The Definitive Ranking of the Harry Potter Books (According To Me, Anyway)Monday, July 27, 2015
Harry Potter's birthday is this week, and since I freaking love Harry Potter, I thought I'd celebrate with some Harry Potter posts!
This is my ranking of the seven Harry Potter books from worst to best. I'm sure many people will disagree with some of my choices, but these are just my opinions cultivated from many read-throughs.
And as you might imagine...
#7 - Harry Potter and the Chamber of Secrets
It's not that I thought Chamber was bad; I just didn't think it was as good as the others. Plus we got the introduction of Ginny Weasley as an actual character, and not just a random little girl at the train station. And anyone who knows anything about my Potter obsession knows that I am NOT a fan of Ginny Weasley. Also, WAY too many spiders. I'm like Ron -- why did it have to be spiders?
#6 - Harry Potter and the Goblet of Fire
I actually find this book more enjoyable than I find another higher on this list, but I think that it's not as well-written as many of the others. Plus there was no quidditch. WHAT KIND OF WORLD IS A WORLD WITHOUT QUIDDITCH?!?!
#5 - Harry Potter and the Sorcerer's Stone
The one that started it all :) I was introduced to Harry Potter in sixth grade, when my teacher read Stone aloud to us in class. I was immediately mesmerized. More than that, though I had read hundreds of books spanning dozens of genres by that time, never had I encountered a character I related to as much as I related to Hermione Granger. This book changed my life in ways I'm not sure I'll ever be able to adequately describe.
#4 - Harry Potter and the Half-Blood Prince
Admittedly, this might actually be my least-favorite Harry Potter book. That probably has something to do with the abundance of Ginny Weasley (seriously, I have a problem). Plus the ending is heart-wrenching. That said, there is a lot of interesting stuff in this book (Snape's backstory, for one), and the part where Ron ingests Amortentia is hilarious.
#3 - Harry Potter and the Prisoner of Azkaban
This is actually my second favorite of the books (a very close second), but I do think that overall, DH is the better between the two. Prisoner opened up so much more of the wizarding world to the reader than the previous books -- the Knight Bus, S.P.E.W., the introduction of Sirius Black, a more in-depth look at the Leaky Cauldron and Diagon Alley, Hogsmeade, the teaching styles of Rubeus Hagrid, REMUS FREAKING LUPIN. So much awesome, so little time.
#2 - Harry Potter and the Deathly Hallows
The epilogue was crap (and I don't think I will ever feel differently, no matter how many of my friends try to convince me otherwise), but other than that, Hallows was the perfect ending to a series I had invested so much of myself in. It was intense (as was the body count); I can't tell you how many times I cried reading it. Molly Weasley uttered what might be the best line of the entire series. I liked the growth the main trio showed in this book, and I was delighted that my beloved Neville got to play an important role in helping good finally triumph over evil.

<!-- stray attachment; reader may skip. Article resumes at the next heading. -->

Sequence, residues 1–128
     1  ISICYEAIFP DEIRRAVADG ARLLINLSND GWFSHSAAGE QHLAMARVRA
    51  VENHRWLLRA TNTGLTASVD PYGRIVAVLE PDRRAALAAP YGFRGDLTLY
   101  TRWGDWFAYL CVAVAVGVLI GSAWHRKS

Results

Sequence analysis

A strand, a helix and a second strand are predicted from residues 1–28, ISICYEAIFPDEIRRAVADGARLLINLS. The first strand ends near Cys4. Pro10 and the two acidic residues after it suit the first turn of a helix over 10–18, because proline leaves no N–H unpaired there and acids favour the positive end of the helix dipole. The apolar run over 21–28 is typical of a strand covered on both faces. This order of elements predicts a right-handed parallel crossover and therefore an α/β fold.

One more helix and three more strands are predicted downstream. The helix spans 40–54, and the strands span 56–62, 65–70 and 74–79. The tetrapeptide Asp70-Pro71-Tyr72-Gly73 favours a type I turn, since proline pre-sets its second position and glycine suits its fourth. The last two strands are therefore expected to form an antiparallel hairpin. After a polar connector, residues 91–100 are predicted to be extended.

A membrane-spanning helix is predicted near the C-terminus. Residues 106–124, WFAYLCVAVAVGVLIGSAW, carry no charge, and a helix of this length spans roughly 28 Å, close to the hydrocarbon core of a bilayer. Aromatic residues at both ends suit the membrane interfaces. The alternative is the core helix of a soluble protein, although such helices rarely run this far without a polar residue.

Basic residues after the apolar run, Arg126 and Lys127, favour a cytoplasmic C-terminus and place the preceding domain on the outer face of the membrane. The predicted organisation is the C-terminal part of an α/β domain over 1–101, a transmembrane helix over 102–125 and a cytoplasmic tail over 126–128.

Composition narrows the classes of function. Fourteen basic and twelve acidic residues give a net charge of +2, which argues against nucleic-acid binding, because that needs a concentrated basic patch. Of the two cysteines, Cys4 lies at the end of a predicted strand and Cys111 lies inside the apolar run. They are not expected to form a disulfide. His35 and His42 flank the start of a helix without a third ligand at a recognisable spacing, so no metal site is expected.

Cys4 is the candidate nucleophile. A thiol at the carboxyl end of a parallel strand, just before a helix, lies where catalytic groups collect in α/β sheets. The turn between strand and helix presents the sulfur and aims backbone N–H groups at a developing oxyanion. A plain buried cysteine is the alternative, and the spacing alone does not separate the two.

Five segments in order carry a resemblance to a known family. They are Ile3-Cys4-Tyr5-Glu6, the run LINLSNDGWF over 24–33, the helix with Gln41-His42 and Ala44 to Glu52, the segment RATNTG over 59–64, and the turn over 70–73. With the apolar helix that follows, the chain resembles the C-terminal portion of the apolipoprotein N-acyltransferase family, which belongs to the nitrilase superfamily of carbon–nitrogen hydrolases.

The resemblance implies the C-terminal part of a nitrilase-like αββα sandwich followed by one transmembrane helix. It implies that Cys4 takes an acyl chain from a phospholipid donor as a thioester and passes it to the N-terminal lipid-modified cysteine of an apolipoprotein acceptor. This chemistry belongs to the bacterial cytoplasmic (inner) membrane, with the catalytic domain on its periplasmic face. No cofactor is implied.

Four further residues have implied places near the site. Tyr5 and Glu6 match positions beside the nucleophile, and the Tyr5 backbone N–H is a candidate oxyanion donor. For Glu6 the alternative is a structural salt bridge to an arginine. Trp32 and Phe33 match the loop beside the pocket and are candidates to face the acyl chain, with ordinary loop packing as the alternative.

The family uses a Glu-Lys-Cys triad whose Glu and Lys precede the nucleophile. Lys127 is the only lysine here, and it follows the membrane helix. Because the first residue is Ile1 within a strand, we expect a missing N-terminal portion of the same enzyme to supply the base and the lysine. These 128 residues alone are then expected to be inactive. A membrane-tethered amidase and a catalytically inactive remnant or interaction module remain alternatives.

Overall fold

#1 - Harry Potter and the Order of the Phoenix
This is my favorite Harry Potter book, but I also think it's the best (as you can tell from my list, "favorite" and "best" don't mean the same thing to me). Maybe it's because it appealed to my inner emokid, but this book has always been the one that I feel the most emotionally connected to. Puberty happens in a big way, but I think the changes it brought were important to helping propel the series forward. We got to know more about some of the adults in the series and realize just how important the resistance movement is. Harry and Sirius finally get to spend some adequate time together before Sirius was ripped away from him (his death may have been the hardest on me -- I cried for half an hour the first time I read it). I really hate that they cut the St. Mungo's scene from the movies, because I think it was really important for Neville's character. We were introduced to one of my black cat's namesakes, the fantastic Luna Lovegood. I know a lot of people thought it was too angsty, but I think it needed to be; it was an appropriate feel for how Harry felt at the time. There was a lot going on in his life, and a lot of pressure put on him, all the while being 15 -- that's a lot to deal with. I think if the book hadn't been so dark it wouldn't have been genuine.